The Top 5 Sites Crowdsourcing for Your Health
Created as a side project by two colleagues at the Children’s Hospital in Boston, HealthMap.org monitors outbreaks such as Swine Flu and SARS around the world. Using an hourly web crawler, it aggregates thousands of reports in seven languages, enabling the public and health professionals to track disease trends in real time on the website and a smartphone app. On a typical day the site receives around 1,000 visits, but when there are major outbreaks, that number climbs up to 200,000.
Similar to how a Doppler radar scans the skies for signs of bad weather, Sickweather.com searches your social networks — like Facebook and Twitter — for indicators of illness. It allows users to track conditions, compare symptoms and measure the proliferation of a virus in a specific region. From allergies to asthma, strep throat to stress, the website tracks the prevalence of over 25 different conditions.
- Google Flu Trends
Every day, millions of people go online to research health-related topics. Google aggregates this information and uses it to estimate the current level of weekly influenza activity throughout the United States. Because the general frequency of certain Google search queries is highly correlated with the percentage of physician visits in which a patient presents influenza-like symptoms, Google believes this kind of information can be used to help improve early detection.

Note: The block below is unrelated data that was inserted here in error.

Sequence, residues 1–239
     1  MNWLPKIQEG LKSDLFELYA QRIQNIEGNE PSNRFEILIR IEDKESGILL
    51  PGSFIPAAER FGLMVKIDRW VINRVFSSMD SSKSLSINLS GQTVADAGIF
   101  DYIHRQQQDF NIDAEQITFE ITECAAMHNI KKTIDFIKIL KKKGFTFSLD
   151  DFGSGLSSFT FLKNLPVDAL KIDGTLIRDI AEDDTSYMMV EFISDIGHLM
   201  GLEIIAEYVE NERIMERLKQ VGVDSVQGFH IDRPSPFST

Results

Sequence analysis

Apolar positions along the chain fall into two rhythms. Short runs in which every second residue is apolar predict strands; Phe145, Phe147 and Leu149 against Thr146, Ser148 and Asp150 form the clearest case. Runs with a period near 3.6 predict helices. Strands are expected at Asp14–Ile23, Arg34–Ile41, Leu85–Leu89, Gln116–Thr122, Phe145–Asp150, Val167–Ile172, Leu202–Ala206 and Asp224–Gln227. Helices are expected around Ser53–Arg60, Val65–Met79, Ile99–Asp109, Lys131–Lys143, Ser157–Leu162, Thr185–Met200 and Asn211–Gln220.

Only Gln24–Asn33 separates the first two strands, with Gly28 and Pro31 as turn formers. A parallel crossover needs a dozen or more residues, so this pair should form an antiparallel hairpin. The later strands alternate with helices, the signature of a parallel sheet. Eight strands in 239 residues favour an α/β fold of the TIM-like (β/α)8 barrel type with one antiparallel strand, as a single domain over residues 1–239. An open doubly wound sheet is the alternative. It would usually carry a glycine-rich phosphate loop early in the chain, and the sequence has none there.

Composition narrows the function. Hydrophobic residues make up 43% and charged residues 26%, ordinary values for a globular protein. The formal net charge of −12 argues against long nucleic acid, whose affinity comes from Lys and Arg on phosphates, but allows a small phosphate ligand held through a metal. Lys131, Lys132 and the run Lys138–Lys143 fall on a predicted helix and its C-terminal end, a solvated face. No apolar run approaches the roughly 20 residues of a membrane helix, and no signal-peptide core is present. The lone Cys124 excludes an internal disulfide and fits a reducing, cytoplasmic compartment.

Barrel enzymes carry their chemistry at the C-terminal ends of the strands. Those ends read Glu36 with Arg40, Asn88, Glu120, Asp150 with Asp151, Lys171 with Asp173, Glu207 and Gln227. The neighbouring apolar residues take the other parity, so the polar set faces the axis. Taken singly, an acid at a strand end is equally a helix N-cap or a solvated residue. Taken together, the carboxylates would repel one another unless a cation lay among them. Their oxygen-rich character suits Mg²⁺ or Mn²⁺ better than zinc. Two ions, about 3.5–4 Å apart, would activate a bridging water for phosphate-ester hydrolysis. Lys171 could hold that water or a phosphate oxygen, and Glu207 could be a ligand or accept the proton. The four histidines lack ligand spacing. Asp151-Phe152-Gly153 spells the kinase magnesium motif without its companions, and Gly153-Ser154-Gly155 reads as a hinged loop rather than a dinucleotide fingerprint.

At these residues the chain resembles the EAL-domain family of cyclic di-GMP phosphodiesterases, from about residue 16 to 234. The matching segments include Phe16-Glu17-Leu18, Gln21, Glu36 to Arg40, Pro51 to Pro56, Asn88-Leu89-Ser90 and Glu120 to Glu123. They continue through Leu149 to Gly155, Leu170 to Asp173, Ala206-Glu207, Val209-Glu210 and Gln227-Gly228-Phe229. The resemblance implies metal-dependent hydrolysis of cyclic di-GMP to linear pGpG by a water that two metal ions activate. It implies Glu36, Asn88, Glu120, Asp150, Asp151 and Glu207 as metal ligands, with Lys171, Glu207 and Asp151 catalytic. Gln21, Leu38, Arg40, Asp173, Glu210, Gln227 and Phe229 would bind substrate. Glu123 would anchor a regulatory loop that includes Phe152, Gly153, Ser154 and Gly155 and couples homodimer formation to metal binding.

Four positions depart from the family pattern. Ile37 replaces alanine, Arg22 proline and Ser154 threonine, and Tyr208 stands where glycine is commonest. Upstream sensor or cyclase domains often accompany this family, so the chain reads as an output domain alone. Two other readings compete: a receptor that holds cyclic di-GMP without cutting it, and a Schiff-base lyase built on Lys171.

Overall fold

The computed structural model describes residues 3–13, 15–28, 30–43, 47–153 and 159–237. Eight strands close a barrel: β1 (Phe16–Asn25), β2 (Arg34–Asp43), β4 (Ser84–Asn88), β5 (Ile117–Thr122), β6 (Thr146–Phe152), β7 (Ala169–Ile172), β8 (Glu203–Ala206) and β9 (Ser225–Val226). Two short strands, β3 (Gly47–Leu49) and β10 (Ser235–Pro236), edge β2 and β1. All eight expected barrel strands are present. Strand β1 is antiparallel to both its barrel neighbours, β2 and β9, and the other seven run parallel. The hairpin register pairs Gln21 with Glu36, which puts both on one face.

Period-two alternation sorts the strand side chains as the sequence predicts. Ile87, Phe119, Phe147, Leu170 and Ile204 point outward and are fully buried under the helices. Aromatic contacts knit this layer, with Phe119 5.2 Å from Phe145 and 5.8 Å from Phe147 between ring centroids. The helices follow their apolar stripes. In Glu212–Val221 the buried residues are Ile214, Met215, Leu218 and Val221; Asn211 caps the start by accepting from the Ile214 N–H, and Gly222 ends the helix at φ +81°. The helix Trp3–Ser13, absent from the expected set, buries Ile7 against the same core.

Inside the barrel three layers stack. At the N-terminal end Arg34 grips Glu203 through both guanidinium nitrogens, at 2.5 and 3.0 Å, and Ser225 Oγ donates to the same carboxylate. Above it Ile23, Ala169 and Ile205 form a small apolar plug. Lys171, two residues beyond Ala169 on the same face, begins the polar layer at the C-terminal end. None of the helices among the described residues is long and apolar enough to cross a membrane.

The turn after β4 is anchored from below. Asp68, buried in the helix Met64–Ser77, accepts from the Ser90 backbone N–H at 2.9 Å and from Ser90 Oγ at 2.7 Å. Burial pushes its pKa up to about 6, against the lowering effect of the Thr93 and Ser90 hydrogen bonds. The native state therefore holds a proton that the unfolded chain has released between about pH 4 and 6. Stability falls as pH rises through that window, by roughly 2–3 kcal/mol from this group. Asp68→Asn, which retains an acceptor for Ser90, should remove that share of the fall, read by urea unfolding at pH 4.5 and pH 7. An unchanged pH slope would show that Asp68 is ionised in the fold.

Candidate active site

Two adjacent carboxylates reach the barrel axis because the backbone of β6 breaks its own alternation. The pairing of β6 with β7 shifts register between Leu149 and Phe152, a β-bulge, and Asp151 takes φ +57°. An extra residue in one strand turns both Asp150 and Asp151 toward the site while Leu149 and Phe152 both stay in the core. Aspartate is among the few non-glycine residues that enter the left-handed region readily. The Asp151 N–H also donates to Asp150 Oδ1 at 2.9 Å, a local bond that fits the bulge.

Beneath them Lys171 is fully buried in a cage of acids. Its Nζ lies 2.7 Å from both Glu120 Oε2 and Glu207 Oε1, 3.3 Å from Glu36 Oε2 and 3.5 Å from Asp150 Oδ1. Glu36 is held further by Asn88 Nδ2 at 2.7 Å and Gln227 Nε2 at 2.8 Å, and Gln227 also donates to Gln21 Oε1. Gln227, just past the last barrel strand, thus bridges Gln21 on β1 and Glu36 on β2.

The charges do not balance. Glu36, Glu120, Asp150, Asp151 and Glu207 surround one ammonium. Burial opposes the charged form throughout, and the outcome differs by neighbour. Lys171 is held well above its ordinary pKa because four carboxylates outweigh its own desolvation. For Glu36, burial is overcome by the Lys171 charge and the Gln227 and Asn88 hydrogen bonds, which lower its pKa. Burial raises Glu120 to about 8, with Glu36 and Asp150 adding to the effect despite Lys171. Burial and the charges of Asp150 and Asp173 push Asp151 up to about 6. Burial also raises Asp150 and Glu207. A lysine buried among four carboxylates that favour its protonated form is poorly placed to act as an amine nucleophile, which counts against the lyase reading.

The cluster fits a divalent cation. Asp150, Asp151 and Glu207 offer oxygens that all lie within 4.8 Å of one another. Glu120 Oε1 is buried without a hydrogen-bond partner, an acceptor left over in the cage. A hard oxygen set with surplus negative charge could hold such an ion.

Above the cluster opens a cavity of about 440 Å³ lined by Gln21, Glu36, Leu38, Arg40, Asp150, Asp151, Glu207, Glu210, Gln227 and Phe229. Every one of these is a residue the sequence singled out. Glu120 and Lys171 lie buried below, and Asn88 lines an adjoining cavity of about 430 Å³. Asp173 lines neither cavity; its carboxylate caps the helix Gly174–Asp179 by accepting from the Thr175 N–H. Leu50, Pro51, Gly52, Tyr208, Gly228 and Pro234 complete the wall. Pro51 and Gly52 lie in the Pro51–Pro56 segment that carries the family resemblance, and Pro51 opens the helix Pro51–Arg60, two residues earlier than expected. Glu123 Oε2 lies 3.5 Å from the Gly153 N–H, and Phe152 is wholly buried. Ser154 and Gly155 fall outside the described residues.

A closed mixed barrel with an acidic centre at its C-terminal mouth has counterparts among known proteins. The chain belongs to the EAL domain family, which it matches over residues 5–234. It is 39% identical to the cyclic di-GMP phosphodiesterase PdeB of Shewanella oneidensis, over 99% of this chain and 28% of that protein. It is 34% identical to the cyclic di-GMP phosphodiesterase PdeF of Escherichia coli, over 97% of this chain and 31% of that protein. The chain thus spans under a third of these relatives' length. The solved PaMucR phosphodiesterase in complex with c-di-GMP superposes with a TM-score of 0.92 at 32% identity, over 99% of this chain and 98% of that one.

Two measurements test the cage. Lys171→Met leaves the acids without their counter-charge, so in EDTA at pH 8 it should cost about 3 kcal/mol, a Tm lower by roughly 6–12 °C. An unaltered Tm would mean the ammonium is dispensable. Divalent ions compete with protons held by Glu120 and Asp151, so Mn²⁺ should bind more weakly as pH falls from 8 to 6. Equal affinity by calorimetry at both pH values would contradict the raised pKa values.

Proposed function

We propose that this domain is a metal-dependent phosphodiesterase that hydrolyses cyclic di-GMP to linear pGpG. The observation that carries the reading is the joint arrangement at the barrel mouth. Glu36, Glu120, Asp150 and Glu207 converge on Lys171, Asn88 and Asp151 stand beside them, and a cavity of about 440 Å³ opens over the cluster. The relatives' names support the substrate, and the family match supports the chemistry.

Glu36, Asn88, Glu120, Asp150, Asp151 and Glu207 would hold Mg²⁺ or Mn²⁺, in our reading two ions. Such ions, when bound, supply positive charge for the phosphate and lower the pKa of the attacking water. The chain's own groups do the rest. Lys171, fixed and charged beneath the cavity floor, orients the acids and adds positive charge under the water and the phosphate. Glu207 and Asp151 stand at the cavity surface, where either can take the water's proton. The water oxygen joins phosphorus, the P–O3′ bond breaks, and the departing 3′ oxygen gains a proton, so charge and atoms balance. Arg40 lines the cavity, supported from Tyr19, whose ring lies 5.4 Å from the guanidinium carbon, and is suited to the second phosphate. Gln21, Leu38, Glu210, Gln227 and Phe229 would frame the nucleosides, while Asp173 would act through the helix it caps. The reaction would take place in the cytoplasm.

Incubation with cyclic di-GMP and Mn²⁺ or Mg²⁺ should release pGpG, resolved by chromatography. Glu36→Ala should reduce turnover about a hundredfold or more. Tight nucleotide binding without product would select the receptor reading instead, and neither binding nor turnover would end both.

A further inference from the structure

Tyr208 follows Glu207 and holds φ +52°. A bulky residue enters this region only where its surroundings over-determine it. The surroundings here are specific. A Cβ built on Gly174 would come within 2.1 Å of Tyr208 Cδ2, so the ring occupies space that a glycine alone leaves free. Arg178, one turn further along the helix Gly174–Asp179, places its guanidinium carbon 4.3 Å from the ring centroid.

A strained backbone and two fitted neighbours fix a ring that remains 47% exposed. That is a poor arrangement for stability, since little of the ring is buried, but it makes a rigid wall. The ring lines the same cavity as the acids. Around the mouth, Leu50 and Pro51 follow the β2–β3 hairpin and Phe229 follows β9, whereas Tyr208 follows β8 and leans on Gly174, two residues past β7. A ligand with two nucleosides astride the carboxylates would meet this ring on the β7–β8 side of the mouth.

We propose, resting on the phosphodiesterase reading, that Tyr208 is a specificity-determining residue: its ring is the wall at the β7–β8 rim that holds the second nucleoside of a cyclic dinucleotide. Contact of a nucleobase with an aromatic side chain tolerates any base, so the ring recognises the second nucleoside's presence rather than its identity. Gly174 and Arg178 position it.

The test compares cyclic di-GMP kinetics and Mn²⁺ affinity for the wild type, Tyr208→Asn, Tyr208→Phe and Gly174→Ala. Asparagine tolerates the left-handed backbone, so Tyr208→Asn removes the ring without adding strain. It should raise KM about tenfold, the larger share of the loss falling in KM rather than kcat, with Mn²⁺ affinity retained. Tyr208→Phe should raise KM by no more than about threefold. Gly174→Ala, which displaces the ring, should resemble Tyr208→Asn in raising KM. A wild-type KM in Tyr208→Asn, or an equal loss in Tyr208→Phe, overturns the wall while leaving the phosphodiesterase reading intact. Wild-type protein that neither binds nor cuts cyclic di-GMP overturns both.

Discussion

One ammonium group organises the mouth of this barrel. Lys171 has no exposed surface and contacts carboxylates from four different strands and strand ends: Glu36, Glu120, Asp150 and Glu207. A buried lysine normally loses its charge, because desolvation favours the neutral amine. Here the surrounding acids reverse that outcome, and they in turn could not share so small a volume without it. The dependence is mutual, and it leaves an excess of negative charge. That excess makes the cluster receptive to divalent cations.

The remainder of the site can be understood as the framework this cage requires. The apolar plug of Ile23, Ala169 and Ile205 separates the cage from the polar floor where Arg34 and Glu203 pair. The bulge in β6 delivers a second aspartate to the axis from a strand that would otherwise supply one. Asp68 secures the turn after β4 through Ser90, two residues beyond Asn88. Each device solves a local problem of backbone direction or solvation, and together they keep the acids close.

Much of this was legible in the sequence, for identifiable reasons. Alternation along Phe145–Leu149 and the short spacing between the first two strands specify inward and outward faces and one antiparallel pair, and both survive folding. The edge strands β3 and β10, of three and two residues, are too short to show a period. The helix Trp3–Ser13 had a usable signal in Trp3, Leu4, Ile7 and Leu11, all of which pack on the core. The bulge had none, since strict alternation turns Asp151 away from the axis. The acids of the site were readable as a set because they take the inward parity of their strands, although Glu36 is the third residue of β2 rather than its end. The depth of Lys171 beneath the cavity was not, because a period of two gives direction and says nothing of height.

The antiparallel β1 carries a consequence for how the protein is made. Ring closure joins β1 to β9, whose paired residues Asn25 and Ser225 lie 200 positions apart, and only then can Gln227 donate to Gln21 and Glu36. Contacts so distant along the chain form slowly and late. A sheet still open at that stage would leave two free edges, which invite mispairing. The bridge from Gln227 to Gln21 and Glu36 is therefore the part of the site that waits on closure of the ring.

- Global Public Health Intelligence Network
Managed by Health Canada’s Centre for Emergency Preparedness and Response (CEPR), the Global Public Health Intelligence Network (GPHIN) is a subscription-based service that monitors Internet media, such as news wires and websites, in nine languages in order to help detect and report potential disease outbreaks or other health threats around the world.
“Get a second opinion.” That is standard advice when it comes to the diagnosis of a medical condition. But how about a third — or even a fourth opinion? CrowdMed.com believes that diagnosis should be a team effort and invites everyone —practitioners, patients and the public at large — to be an “MD” (medical detective). By harnessing “the wisdom of crowds” to help solve complicated medical cases, the website is quickly becoming a popular “go-to” destination for patients with medical questions, as well as a trusted source of medical answers.